Many of us make jokes about how we’ve outsourced part of our brain to electronic devices. But based on a new paper by the University of Texas at Austin’s Adrian Ward, this is just a variation on something that has been happening throughout human history. No person could ever learn everything they need to know. But that’s OK, according to Ward: “No one person needs to know everything—they simply need to know who knows it.”
Over time, we’ve developed alternatives to finding the person who has the information we need, relying on things like books and other publications. The Internet simply provides electronic equivalents, right?
Not entirely, according to Ward’s latest results. Based on data he generated, it seems that search engines now return information so quickly and seamlessly that we tend to think we remembered information that we actually looked up. And that may be giving us unjustified confidence in our ability to pull facts out of our brain.
The speed of search
Ward’s hypothesis is based on the idea that we probably categorize the recall process based on how easy it is. Wading through all the extraneous information in a book to find the single nugget we require can be arduous, even when the book is right at hand. While it can sometimes be difficult to latch onto a fact in our memory, it’s generally much more convenient. For the easy-to-recall items—like the lyrics to annoying pop songs from our high school years—it’s often instantaneous.
Of the two, Ward argues, Internet searches are more like remembering something, in that they’re generally quick, don’t have a lot of extraneous information, and are displayed via interfaces that are easy to process. “Thinking with Google,” he writes, “which delivers information as unobtrusively as possible, may simply feel more like thinking alone.”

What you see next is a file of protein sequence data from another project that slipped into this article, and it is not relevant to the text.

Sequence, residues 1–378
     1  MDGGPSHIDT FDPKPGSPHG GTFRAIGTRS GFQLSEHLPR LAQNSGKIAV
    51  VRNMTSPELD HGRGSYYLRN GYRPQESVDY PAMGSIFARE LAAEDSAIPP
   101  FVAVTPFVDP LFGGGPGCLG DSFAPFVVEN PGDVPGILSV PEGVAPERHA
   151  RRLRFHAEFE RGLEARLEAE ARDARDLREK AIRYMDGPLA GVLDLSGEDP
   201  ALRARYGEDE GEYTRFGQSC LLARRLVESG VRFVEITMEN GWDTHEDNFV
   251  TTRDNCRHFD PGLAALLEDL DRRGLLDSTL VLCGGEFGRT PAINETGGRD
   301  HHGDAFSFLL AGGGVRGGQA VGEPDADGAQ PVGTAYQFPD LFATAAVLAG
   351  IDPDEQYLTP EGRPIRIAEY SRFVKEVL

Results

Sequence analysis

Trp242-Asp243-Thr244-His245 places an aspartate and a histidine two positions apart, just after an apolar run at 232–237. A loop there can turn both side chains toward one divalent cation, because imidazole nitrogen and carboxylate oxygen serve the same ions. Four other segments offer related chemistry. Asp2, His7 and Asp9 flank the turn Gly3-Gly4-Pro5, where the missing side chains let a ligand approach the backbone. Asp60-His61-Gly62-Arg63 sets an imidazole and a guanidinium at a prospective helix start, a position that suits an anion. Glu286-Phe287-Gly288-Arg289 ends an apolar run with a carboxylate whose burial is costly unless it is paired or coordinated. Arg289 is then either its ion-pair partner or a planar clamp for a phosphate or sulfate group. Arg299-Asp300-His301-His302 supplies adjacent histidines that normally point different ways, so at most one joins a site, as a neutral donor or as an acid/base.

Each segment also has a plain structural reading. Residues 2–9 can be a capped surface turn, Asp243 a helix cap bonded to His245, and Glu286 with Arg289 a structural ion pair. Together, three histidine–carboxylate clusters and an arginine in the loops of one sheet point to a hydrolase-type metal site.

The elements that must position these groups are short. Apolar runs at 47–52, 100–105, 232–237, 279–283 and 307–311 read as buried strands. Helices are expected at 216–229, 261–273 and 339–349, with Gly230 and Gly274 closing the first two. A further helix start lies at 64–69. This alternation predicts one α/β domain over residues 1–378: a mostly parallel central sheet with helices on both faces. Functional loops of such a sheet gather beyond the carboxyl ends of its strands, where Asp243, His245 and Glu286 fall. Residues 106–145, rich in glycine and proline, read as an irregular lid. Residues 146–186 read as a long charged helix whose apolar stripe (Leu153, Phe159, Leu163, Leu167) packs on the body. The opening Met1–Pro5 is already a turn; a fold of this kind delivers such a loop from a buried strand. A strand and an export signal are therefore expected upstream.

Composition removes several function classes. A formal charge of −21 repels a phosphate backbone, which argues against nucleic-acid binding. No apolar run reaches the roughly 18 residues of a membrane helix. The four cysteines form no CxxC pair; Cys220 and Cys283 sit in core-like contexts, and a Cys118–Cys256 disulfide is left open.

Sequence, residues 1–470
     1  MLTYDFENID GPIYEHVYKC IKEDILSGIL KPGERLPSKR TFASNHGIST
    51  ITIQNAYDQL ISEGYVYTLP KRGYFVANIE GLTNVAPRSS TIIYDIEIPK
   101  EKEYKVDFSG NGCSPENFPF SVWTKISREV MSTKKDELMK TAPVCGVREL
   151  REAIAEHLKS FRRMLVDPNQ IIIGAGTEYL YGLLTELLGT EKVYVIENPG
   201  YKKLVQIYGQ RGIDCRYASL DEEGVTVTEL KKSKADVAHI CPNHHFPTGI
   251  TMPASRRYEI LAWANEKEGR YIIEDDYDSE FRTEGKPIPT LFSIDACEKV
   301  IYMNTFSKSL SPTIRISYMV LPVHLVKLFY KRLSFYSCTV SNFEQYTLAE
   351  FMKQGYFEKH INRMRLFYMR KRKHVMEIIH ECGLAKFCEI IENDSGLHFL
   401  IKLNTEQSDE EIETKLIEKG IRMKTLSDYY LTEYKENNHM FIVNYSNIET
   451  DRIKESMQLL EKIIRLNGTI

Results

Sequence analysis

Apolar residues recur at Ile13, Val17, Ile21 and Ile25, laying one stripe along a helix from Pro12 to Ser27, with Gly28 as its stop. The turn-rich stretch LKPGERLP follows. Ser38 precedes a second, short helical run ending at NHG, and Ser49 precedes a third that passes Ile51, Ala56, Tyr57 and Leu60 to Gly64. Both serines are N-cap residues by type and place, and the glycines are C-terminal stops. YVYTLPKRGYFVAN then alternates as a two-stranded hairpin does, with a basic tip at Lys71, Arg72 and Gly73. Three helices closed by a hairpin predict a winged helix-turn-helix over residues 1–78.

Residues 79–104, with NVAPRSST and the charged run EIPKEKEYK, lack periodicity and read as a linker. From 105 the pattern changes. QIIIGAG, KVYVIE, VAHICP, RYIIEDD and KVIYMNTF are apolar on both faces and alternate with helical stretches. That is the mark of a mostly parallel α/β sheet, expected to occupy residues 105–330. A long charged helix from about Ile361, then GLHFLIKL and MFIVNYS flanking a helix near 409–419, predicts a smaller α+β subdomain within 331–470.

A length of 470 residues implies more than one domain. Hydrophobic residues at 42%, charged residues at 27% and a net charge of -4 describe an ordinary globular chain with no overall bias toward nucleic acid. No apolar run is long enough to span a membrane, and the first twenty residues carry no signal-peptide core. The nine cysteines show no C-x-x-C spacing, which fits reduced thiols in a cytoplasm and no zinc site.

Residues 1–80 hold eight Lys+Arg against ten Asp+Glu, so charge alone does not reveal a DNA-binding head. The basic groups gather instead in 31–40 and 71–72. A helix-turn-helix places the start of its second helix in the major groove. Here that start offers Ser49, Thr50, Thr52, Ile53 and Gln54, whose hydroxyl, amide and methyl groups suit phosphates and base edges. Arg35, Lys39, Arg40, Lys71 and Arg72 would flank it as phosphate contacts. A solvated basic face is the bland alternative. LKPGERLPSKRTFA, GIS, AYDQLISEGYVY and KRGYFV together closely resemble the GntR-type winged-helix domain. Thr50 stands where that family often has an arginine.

If that’s the case, performing searches to get information may feel a lot more like successfully pulling something out of our memory. And that could be misleading, since successful searches would give us the sense that our memory is more expansive than it actually is.
To test this hypothesis, Ward created a variety of information-recall questions. He then had people answer them, either by memory or by using Google. Layered on top of this simple scheme were variations on the recall challenge that helped identify how people viewed a successful Internet search.
Our sense of self includes Google
The most basic experiment involved having people answer 10 questions using either their memory or an Internet search and then take a cognitive self-esteem test, which measures how the subjects felt about their mental capacity. Those who were able to use Google got more questions right. But they came away with an enhanced sense of their own abilities. They were also more likely than those who relied on memory to say that they would do well on a future test in which they couldn’t use the Internet.
From there, Ward’s experiments branched out. In this case, both groups were given the correct answers to the questions they faced, allowing them to judge their actual performance. They were then asked about their confidence in a future test, and again, Google users were more confident. In this instance, however, subjects were actually given that future test, at which point it became clear that the Google-inflated confidence was misplaced, since the people who were deprived of the Internet in the second round performed just as poorly as everyone else.
In another test, the people who relied on memory were told that they got eight of 10 answers right, regardless of their actual performance. The ones who believed this score came away with an inflated sense of confidence that was roughly equal in magnitude to the people who used Google. Yet another test showed that this self-confidence evaporated if the Google users were asked to write down any answers they could pull out of memory before using Google. In other words, if they were forced to reckon with their memory’s limitations before using the search engine, the subjects didn’t end up with an exaggerated sense of their performance.